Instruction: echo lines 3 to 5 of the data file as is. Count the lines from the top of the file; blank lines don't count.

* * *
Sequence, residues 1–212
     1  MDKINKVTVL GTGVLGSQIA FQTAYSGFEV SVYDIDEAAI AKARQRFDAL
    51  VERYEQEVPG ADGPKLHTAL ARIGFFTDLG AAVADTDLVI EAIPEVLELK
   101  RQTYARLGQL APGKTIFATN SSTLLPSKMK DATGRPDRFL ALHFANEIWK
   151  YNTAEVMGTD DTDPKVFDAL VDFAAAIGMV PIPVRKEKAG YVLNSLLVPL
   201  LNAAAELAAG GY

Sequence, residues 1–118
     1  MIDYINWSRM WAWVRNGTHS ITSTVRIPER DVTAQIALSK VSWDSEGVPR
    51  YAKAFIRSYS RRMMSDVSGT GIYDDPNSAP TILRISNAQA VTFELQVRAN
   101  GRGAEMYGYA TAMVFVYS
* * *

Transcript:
    51  VERYEQEVPG ADGPKLHTAL ARIGFFTDLG AAVADTDLVI EAIPEVLELK
   101  RQTYARLGQL APGKTIFATN SSTLLPSKMK DATGRPDRFL ALHFANEIWK
   151  YNTAEVMGTD DTDPKVFDAL VDFAAAIGMV PIPVRKEKAG YVLNSLLVPL